A Step-by-Step Guide to Celo's On-Chain Governance System

A Step-by-Step Guide to Celo's On-Chain Governance System https://celo.academy/uploads/default/optimized/2X/a/a1c2a5e31cd70d82f0394239772743cacab0ef43_2_1024x576.jpeg
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A Step-by-Step Guide to Celo’s On-Chain Governance System

Celo’s on-chain governance system allows the community to make decisions that affect the network. This system enables Celo users to submit, debate, and vote on governance proposals, which might involve changes to the protocol, network parameters, or the allocation of community funds.


  1. A computer with a stable internet connection.
  2. A modern web browser (e.g., Google Chrome, Mozilla Firefox, etc.).
  3. The celocli tool installed on your machine.
  4. CELO tokens in your account (can be testnet tokens).


To follow this guide, you should have:

  • Basic knowledge of blockchain and smart contracts.
  • Familiarity with the Celo platform.
  • A configured Celo development environment.
  • The celocli command-line interface installed.
  • Some CELO tokens for voting (testnet tokens are fine for this tutorial).

Understanding Celo’s Oracles

In the Celo ecosystem, Oracles play a vital role in maintaining the stability of Celo’s native stablecoins. They provide accurate, up-to-date external price information to the Celo network, which is crucial for minting and redeeming stablecoins.

Let’s take a closer look at the oracles currently operating on the Celo network:

  • Celo Reserve Oracles: These oracles provide information about the reserves backing Celo’s stablecoins. This includes information such as the current amount of assets in reserve, which is critical for maintaining the peg of the stablecoins.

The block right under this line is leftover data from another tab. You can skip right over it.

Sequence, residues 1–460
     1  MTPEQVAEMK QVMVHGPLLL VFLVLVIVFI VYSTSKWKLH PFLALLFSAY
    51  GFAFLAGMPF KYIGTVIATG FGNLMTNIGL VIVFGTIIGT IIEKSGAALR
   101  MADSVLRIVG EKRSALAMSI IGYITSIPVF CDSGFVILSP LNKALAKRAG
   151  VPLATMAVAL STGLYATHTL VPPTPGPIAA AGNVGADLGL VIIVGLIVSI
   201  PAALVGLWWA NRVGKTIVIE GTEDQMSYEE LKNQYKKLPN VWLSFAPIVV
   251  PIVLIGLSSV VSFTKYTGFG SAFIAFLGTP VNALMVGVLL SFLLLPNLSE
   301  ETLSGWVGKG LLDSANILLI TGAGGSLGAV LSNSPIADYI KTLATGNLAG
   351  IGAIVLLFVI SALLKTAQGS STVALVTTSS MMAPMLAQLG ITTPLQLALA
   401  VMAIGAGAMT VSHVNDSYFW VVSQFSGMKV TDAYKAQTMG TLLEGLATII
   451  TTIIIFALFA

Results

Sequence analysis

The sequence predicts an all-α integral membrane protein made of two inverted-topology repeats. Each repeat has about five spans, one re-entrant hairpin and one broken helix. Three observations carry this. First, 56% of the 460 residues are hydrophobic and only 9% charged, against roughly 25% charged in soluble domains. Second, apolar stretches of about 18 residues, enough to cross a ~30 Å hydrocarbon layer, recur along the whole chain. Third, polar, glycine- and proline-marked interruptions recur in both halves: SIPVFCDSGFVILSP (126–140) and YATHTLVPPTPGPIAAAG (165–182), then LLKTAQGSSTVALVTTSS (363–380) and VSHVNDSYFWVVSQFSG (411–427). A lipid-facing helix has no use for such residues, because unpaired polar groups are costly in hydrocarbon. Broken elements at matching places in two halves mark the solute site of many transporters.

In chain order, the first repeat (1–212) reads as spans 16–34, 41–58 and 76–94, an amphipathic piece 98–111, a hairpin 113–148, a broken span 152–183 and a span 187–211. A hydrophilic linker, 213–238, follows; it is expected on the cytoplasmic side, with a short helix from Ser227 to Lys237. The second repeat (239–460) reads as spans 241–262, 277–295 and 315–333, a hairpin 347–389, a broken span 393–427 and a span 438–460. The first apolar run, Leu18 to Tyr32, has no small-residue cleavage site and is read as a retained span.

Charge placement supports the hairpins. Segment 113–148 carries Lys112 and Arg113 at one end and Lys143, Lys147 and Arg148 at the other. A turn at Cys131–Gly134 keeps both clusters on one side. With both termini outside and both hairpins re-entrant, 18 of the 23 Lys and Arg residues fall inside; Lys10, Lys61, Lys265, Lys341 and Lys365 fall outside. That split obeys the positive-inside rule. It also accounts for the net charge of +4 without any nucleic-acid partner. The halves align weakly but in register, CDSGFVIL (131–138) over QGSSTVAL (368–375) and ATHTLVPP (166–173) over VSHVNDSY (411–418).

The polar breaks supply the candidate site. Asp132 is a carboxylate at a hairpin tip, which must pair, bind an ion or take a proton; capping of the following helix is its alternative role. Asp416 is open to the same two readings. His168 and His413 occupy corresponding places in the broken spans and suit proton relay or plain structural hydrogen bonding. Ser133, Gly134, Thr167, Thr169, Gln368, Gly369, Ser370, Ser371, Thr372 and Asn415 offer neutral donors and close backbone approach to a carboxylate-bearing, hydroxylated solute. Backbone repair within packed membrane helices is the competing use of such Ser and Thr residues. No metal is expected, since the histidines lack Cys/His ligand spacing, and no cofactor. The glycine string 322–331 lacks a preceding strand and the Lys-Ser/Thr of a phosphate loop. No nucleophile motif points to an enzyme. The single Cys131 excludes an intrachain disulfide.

• RedStone Oracles: RedStone is an oracle provider that delivers real-time data feeds to blockchains. In the context of Celo, RedStone oracles could provide data like price feeds, which are important for financial applications and maintaining stablecoins.

  • Band Protocol: Band Protocol is a cross-chain data oracle platform that aggregates and connects real-world data and APIs to smart contracts. On Celo, Band Protocol can provide various types of data needed by smart contracts.

  • Pyth Network: Pyth Network is a specialized oracle solution designed to provide high-frequency and high-accuracy data for decentralized applications (dApps). In Celo, this could include financial market data, trading data, and more.

  • Witnet: Witnet is a decentralized oracle network that connects smart contracts to any online data source. Smart contracts on Celo can request data from Witnet, which retrieves the data in a decentralized and trustless way.

These oracles play a vital role in Celo’s ecosystem by providing reliable and accurate information from the outside world, enabling the full functionality of Celo’s on-chain governance and financial systems.

Step 1: Understand Celo’s Governance Model

Celo uses a participatory on-chain governance model. This model consists of three phases: proposal, approval, and referendum.

  • Proposal: Any user can pay a deposit in CELO tokens to propose a change. Proposals are written in a JSON format that describes the changes to be made.

  • Approval: A multisig “Governance Approver” contract, initially set to a group of reputable validators, approves which proposals will go to a vote.